Stack Overflow is a community of 4.7 million programmers, just like you, helping each other.

Join them; it only takes a minute:

Sign up
Join the Stack Overflow community to:
  1. Ask programming questions
  2. Answer and help your peers
  3. Get recognized for your expertise

I've got a User model that has many Items. A Rating belongs to a User and an Item.

In the DB, I have set ratings.user_id to be not NULL.

when I am creating an Item, I would like to do this:

  def create
    redirect_to items_path

However, this balks with an SQL error "user_id cannot be nil"

so I rewrote the create method as

  def create
    current_user.items.create(params[:item]).ratings.create(params[:rating].merge({:user_id => current_user}))
    redirect_to items_path

which works fine.

However, I had thought that chaining the create methods off the current user's receiver would have populated the rating's user_id. Anyone know why not?


share|improve this question
up vote 1 down vote accepted

I'd recommend you normalize this if possible in the database. Maybe take out the user_id attribute from the ratings table and if you need it in your model get it through a join using a :through method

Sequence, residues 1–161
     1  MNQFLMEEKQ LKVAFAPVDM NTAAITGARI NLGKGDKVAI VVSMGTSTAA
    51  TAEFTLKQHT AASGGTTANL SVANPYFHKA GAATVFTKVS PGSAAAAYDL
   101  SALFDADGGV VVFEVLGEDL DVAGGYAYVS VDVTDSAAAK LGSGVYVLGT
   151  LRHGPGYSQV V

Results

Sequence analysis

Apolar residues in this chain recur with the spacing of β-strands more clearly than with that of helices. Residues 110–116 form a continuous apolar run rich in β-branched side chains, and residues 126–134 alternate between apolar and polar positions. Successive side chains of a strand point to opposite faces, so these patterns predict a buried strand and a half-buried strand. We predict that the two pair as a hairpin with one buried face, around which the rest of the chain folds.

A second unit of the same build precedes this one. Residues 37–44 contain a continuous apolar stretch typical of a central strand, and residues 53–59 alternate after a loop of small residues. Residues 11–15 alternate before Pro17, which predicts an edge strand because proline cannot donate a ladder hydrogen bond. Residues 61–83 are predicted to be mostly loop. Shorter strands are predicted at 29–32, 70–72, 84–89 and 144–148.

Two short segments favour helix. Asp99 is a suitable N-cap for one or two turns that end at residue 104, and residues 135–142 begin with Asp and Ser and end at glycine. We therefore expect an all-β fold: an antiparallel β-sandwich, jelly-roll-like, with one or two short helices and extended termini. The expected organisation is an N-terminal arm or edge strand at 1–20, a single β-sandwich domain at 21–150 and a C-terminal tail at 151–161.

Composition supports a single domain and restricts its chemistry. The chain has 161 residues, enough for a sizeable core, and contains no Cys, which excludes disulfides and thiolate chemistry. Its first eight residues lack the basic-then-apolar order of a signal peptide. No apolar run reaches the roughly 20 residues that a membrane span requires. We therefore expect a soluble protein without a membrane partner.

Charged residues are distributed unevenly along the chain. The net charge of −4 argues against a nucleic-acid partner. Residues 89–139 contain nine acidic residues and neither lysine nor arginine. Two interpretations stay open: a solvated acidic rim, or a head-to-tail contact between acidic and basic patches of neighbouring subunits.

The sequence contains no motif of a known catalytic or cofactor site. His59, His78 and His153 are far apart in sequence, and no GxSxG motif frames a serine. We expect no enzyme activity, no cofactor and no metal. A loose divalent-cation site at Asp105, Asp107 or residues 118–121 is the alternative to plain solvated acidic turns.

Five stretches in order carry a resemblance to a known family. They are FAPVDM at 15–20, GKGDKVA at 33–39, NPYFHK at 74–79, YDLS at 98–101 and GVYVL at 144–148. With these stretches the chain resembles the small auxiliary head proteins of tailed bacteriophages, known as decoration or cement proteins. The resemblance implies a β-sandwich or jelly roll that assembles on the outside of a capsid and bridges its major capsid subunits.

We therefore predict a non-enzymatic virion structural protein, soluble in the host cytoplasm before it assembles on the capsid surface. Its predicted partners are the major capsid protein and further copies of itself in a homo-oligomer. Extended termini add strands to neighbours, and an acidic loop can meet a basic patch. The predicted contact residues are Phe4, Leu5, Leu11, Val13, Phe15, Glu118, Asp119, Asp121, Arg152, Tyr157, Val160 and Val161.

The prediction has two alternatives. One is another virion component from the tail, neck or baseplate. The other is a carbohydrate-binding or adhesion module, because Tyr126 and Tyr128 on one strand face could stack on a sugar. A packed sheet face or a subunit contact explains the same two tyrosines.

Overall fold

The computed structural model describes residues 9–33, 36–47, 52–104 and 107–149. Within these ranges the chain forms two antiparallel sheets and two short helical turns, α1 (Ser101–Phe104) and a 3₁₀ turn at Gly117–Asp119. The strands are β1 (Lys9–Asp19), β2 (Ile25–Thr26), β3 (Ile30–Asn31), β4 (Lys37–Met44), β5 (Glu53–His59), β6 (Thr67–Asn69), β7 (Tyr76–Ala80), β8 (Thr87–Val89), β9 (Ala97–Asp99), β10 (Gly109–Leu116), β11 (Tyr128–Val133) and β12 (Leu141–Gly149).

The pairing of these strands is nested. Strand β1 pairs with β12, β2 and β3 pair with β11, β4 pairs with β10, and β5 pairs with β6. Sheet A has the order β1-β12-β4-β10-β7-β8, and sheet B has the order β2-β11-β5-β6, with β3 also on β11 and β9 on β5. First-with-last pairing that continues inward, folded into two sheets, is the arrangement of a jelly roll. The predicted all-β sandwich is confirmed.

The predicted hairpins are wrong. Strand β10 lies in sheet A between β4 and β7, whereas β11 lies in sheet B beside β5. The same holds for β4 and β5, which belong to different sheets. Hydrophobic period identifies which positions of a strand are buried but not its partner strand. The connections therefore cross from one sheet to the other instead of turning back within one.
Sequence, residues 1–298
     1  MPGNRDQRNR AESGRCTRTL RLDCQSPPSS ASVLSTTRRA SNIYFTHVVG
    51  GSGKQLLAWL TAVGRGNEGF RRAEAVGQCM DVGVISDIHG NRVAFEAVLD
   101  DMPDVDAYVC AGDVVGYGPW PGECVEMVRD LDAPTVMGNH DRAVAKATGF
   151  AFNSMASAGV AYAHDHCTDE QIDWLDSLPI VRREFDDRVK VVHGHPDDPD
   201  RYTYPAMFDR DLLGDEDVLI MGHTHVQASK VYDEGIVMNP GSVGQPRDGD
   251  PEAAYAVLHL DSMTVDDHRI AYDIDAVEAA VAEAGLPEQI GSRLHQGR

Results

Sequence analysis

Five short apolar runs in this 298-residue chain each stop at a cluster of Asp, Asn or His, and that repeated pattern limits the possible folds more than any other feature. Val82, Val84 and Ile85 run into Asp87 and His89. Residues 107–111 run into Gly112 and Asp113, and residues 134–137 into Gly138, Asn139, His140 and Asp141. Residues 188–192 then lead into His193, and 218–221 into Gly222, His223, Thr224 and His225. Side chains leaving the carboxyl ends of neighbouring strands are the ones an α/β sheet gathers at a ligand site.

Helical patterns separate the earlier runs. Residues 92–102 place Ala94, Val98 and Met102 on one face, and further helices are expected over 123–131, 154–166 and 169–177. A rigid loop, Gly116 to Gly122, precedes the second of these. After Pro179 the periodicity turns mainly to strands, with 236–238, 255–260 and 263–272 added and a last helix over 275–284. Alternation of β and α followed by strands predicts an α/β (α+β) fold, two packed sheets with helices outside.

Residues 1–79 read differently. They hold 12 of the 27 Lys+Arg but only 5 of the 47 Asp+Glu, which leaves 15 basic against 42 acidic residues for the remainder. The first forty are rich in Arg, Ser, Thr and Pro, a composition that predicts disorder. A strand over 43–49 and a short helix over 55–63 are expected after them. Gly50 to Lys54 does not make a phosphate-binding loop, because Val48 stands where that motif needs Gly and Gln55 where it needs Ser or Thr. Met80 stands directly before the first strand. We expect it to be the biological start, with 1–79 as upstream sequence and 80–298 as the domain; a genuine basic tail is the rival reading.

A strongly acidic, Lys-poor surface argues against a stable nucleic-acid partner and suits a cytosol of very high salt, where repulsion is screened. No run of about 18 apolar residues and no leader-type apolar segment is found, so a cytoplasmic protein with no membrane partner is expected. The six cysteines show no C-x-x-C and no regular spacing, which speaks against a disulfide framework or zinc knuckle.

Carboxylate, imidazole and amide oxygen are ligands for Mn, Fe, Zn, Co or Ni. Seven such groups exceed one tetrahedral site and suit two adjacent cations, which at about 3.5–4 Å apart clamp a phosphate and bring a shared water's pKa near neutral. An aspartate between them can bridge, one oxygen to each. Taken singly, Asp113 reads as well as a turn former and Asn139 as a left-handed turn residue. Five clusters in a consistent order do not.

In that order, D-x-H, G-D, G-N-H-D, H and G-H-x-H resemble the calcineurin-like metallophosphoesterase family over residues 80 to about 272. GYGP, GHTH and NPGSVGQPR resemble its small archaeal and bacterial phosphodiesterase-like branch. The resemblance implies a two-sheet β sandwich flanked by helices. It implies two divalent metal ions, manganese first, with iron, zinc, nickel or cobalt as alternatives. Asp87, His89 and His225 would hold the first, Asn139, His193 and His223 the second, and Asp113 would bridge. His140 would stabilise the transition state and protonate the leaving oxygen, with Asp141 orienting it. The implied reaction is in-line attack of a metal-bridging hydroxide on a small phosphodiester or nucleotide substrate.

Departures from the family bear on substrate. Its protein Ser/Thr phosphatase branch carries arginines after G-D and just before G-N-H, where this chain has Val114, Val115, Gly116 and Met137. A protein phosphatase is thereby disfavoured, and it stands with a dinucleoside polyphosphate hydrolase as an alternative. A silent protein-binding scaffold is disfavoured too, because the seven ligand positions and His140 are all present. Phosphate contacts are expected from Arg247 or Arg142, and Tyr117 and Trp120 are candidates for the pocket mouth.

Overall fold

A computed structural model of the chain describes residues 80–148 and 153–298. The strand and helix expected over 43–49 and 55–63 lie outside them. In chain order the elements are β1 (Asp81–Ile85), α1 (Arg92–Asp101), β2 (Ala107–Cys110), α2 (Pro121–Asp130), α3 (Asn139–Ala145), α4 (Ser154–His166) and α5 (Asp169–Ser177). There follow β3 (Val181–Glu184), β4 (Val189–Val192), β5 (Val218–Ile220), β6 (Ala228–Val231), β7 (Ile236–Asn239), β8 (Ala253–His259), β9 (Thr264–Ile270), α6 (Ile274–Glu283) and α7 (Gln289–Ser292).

class Rating
    has_many :items
    has_one :user, :through=>:items
share|improve this answer
thanks Jeremy. I'll try this out. Bit of a newbie question I realise. – The Pied Pipes Feb 5 '09 at 22:16
just wondering though: doesn't a Rating belong to an Item, not has many Items? – The Pied Pipes Feb 5 '09 at 22:19
yes you are right, I didn't think much about that line I just intended to give you the :through example – Jeremy Feb 5 '09 at 23:16
I would do has_many :items, :through => :ratings... unless there's a reason for that. – Ryan Bigg Feb 6 '09 at 3:02

If you created and saved the Item, then made a Rating from that item, it wouldn't pass the user along to the Rating, right? You'd just refer to it as @rating.item.user, right?

When you think about it like that, you wouldn't expect the Item created via the current_user to pass the user information along to the rating.

Make me wonder if you really need the user has_many ratings relationship.

share|improve this answer

Because Item has many Ratings and that association does not know about the user id. Given that association chain Item would have a user id because it belongs to a user. And Rating would have an item id because it belongs to an item. But the Item to Rating assocation doesn't know anything about a user unless you tell it.

share|improve this answer

Your Answer


By posting your answer, you agree to the privacy policy and terms of service.

Not the answer you're looking for? Browse other questions tagged or ask your own question.